Last year we noted a sharp rise in HTTP 451 errors from our crawlers based in the European Union due to GDPR targeting by US news outlets. In response to this growing trend, we completely reimagined the queuing and distribution fabrics of our GEN3 architecture, empowering our globally distributed crawler fleets to continually monitor for geotargeting artifacts, autonomously learn which outlets rely on such practices and dynamically redirect traffic to those sites away from targeted regions. The resulting architecture has performed beyond even our most optimistic projections, completely eliminating 451 errors.
As we've been monitoring for global networking shifts related to Ukraine, we've been spending a lot of time evaluating the traffic observation notifications that our crawlers produce when they observe a behavioral response anomaly from a website. This led us to notice a different GDPR-related geotargeting practice that long predates Ukraine, but suggests further enhancement work to our geotargeting detection systems: HTTP GDPR redirects.
Surprisingly, NPR.org is among these.
Any access to a news article on NPR's website from an IP address in the EU that does not yet have the NPR privacy cookies set will result in the browser being redirected to "https://choice.npr.org/index.html" via a redirect. Thus, browsing to "https://www.npr.org/2022/03/10/1085448058/inflation-40-year-high-gas-prices-energy-russia-ukraine" from the EU will result in the browser being redirected to "https://choice.npr.org/index.html?origin=https://www.npr.org/2022/03/10/1085448058/inflation-40-year-high-gas-prices-energy-russia-ukraine".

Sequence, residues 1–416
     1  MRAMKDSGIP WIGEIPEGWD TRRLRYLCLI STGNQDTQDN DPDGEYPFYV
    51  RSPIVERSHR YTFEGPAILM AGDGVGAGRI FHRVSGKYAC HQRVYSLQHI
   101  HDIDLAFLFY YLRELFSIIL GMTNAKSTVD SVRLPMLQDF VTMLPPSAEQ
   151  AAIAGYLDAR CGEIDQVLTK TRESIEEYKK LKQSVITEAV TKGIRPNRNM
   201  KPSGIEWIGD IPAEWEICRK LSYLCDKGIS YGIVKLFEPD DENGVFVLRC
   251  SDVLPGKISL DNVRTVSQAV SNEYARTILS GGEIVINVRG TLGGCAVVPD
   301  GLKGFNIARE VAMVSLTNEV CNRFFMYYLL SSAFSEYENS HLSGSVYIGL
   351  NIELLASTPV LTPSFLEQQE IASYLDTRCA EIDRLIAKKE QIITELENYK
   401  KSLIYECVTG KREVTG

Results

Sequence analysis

As GEN4 comes online with its advanced telemetry data, we will be conducting an extensive survey of global news media geotargeting practices with an eye towards enhancing our global distribution system with a new capability of automatically detecting such hard geotargeting redirects and autonomously learning the best geographic placement of those sites within our global geographic crawler footprint.